If you experience symptoms of severe increased thirst, frequent urination, unexplained weight loss, increased hunger, tingling of your hands or feet -- your doctor may run a test for diabetes.
According to the Centers for Disease Control and Prevention, almost 26 million children and adults in the U.S., or over 8% of the population, have diabetes today. Yet, millions of Americans are unaware that they have diabetes, because there may be no warning signs.
Did You Know?
Under the Affordable Care Act, many health insurance plans will cover preventive care services, including screening tests for type 2 diabetes, at no cost to you. Learn more.
To confirm the diagnosis of type 2 diabetes, your doctor will order a fasting plasma glucose test or a casual plasma glucose.
Diabetes and the Fasting Plasma Glucose Test
The fasting plasma glucose test (FPG) is the preferred method for diagnosing diabetes, because it is easy to do, convenient, and less expensive than other tests, according to the American Diabetes Association.
How Do I Prepare for the Blood Glucose Test?
Before taking the blood glucose test, you will not be allowed to eat anything for at least eight hours.
What Happens During the Blood Glucose Test?
During a blood glucose test, blood will be drawn and sent to a lab for analysis.
What Do the Results of the Blood Glucose Test Mean?
Normal fasting blood glucose -- or blood sugar -- is between 70 and 100 milligrams per deciliter or mg/dL for people who do not have diabetes. The standard diagnosis of diabetes is made when two separate blood tests show that your fasting blood glucose level is greater than or equal to 126 mg/dL.
However, if you have normal fasting blood sugar, but you have risk factors for diabetes or symptoms of diabetes, your doctor may decide to do a glucose tolerance test (see below) to be sure that you do not have diabetes.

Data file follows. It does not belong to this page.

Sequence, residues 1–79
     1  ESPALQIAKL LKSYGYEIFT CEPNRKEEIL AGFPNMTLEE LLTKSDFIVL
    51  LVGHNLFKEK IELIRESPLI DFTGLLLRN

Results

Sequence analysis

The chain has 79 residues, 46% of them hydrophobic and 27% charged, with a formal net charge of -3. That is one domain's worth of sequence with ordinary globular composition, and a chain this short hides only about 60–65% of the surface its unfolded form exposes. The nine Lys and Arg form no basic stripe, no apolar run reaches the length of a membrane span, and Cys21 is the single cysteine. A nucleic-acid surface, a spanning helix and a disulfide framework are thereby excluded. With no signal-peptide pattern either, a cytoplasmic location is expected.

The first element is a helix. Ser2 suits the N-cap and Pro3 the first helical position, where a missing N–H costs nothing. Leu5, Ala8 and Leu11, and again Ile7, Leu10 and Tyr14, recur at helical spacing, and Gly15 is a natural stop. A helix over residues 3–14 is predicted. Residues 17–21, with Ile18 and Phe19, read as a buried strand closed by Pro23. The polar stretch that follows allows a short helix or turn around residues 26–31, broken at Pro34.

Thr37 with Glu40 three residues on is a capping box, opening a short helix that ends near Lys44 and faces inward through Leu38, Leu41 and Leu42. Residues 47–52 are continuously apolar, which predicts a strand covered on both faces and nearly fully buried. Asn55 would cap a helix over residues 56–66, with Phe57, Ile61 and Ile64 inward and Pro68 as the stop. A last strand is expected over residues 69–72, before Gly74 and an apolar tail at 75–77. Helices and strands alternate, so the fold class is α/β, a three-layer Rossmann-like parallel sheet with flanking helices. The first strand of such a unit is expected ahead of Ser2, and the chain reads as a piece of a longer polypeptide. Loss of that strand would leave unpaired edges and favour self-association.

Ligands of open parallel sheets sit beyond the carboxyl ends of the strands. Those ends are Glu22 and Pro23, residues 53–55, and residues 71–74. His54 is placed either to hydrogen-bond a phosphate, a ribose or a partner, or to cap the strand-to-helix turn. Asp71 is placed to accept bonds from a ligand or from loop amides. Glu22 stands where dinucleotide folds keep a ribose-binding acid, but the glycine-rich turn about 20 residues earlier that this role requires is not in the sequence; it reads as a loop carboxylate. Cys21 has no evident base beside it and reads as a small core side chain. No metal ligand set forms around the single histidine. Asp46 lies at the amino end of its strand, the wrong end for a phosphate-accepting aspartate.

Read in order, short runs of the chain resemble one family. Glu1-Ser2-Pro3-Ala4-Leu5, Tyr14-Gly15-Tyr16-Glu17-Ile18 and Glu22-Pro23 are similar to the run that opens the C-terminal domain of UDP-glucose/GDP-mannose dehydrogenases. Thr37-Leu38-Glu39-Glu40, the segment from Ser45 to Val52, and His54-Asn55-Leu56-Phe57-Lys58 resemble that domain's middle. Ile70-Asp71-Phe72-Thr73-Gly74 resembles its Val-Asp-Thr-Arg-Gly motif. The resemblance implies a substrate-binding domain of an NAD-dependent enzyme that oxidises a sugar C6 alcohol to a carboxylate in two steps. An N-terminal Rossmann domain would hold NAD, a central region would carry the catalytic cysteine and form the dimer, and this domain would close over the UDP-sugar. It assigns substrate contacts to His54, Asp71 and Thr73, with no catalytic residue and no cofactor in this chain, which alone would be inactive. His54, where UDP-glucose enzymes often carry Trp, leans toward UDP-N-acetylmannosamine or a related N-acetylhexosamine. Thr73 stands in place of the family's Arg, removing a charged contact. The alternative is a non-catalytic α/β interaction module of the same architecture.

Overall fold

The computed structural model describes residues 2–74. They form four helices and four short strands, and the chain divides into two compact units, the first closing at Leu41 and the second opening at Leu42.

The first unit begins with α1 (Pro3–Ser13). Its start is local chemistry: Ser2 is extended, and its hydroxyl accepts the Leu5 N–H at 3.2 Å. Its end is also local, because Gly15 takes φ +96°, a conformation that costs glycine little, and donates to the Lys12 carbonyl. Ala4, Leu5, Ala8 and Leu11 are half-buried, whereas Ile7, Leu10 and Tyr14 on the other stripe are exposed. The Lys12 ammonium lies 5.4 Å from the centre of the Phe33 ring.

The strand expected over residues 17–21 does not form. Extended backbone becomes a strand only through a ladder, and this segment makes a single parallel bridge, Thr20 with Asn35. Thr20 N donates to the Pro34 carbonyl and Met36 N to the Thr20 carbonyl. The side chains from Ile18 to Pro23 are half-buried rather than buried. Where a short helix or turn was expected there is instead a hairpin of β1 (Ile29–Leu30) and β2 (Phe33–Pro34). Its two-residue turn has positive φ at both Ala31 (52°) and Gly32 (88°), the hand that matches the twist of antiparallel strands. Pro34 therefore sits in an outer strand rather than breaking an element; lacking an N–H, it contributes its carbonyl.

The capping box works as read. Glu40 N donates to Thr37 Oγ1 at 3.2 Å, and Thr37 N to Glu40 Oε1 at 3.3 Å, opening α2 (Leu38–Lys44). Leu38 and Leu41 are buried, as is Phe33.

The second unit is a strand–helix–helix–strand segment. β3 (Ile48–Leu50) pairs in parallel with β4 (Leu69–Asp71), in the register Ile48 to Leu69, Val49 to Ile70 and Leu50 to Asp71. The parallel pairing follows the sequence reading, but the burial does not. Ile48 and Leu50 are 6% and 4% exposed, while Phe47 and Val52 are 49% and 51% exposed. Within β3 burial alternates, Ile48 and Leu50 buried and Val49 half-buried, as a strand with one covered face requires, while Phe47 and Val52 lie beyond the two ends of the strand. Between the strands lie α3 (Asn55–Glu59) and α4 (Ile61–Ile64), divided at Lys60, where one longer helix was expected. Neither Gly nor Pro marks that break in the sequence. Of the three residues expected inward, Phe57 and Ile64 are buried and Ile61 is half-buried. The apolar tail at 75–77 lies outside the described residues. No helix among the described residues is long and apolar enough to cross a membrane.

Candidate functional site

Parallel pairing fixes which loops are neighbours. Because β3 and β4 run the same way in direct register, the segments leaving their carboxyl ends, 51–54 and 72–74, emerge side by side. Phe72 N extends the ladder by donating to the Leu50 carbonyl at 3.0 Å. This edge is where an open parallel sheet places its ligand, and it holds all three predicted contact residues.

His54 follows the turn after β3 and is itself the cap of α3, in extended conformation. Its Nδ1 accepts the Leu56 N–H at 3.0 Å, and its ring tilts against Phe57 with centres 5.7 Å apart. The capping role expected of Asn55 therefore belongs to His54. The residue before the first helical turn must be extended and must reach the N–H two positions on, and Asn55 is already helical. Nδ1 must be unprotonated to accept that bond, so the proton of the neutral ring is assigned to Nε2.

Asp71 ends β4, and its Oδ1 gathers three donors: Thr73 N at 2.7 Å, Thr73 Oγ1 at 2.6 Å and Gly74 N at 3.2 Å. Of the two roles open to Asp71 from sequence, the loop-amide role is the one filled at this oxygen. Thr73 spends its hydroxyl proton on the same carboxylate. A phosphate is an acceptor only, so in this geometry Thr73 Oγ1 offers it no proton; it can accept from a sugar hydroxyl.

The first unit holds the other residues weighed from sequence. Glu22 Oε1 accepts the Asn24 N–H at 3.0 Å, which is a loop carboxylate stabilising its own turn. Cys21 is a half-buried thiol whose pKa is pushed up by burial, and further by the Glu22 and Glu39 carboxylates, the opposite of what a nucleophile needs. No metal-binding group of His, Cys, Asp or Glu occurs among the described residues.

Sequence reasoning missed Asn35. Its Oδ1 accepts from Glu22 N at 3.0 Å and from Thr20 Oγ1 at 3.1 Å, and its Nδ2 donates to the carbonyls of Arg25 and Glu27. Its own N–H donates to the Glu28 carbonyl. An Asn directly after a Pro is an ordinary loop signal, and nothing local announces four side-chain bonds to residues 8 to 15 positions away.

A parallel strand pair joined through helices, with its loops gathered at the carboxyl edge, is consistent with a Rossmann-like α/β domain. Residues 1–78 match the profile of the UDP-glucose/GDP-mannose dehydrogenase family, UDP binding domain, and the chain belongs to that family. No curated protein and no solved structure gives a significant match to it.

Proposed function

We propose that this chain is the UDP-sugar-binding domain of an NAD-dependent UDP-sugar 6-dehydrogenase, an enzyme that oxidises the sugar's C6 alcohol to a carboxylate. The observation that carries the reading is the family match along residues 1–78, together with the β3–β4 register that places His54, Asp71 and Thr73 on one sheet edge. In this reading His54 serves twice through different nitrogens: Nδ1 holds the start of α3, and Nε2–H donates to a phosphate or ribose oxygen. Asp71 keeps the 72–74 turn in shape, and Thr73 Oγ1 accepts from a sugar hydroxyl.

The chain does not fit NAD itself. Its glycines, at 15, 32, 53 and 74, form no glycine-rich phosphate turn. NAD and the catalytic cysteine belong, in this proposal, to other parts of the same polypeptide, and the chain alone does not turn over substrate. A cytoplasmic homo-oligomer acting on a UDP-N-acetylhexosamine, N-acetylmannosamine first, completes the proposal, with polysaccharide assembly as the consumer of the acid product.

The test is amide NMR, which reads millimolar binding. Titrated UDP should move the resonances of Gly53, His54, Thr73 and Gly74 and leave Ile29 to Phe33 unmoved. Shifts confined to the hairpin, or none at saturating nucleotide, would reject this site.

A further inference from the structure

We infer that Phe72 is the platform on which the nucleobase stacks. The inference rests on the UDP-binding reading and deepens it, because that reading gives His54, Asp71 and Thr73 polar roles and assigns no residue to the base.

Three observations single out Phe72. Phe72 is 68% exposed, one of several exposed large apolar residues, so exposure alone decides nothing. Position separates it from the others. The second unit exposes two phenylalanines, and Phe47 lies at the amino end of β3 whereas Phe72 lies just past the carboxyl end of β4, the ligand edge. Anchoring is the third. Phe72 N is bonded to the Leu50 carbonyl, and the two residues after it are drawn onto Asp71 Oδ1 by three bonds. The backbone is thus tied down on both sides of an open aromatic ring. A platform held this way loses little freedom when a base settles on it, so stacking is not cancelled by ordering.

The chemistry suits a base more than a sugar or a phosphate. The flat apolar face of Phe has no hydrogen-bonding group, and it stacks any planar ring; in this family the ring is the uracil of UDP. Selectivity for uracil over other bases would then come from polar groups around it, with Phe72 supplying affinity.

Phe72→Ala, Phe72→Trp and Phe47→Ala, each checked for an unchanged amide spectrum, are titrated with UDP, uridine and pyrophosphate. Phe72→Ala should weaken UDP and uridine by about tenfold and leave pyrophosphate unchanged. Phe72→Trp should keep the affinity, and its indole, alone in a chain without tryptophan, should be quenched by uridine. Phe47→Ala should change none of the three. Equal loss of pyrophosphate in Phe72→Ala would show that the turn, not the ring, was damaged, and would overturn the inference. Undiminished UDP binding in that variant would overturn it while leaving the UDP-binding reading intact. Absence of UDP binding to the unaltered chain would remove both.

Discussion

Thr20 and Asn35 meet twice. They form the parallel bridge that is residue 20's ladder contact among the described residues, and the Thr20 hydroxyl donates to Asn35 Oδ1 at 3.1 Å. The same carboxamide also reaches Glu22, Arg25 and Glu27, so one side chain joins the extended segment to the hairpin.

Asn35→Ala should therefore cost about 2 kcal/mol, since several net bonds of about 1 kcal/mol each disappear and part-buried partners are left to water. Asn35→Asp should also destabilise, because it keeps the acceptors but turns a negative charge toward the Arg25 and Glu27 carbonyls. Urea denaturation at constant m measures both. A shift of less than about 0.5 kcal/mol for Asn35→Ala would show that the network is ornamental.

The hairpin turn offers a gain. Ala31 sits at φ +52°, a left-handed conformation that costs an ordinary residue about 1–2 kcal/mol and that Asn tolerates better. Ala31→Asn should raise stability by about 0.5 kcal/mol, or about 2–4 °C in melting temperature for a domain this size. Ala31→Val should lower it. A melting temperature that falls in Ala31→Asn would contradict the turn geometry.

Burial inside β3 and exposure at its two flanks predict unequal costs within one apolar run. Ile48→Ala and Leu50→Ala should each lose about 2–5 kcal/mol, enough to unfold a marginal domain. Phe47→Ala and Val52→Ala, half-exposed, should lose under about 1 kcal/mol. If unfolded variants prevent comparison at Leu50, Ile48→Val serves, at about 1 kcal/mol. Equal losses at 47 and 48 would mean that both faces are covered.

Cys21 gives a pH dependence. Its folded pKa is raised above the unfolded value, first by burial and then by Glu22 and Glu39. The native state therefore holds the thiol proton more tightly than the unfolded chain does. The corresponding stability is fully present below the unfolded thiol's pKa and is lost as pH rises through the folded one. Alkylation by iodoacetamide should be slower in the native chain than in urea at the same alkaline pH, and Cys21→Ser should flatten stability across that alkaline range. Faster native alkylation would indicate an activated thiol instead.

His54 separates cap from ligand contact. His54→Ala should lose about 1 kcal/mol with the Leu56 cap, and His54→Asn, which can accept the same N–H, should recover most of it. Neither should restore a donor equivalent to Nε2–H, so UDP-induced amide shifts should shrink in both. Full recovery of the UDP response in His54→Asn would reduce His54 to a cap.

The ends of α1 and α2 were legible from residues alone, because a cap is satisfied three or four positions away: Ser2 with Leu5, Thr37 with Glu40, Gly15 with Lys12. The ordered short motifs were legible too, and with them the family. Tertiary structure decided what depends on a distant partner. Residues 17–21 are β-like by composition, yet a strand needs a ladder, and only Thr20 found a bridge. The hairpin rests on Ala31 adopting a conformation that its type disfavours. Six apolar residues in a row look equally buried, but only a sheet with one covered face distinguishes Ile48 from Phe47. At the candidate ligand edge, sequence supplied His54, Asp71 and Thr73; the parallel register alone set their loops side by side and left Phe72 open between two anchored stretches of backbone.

Some people have a normal fasting blood sugar reading, but their blood sugar rapidly rises as they eat. These people may have impaired glucose intolerance. If their blood sugar levels are high enough, they may be diagnosed with diabetes.
The Casual Plasma Glucose Test for Diabetes
The casual plasma glucose test is another method of diagnosing diabetes. During the test, blood sugar is tested without regard to the time since the person's last meal. You are not required to abstain from eating prior to the test.
A glucose level greater than 200 mg/dL may indicate diabetes, especially if the test is repeated at a later time and shows similar results.
The Oral Glucose Tolerance Test for Diabetes
The oral glucose tolerance test is yet another method used to detect diabetes, but it is usually only done during pregnancy to diagnose gestational diabetes or for someone who is suspected of having type 2 diabetes yet has a normal fasting glucose level. It can also be performed to diagnose prediabetes.
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Your level is currently
If the level is below 70 or you are experiencing symptoms such as shaking, sweating or difficulty thinking, you will need to raise the number immediately. A quick solution is to eat a few pieces of hard candy or 1 tablespoon of sugar or honey. Recheck your numbers again in 15 minutes to see if the number has gone up. If not, repeat the steps above or call your doctor.
People who experience hypoglycemia several times in a week should call their health care provider. It's important to monitor your levels each day so you can make sure your numbers are within the range. If you are pregnant always consult with your health care provider.
Congratulations on taking steps to manage your health.
However, it's important to continue to track your numbers so that you can make lifestyle changes if needed. If you are pregnant always consult with your physician.
Your level is high if this reading was taken before eating. Aim for 70-130 before meals and less than 180 two hours after meals.
Even if your number is high, it's not too late for you to take control of your health and lower your blood sugar.
One of the first steps is to monitor your levels each day. If you are pregnant always consult with your physician.
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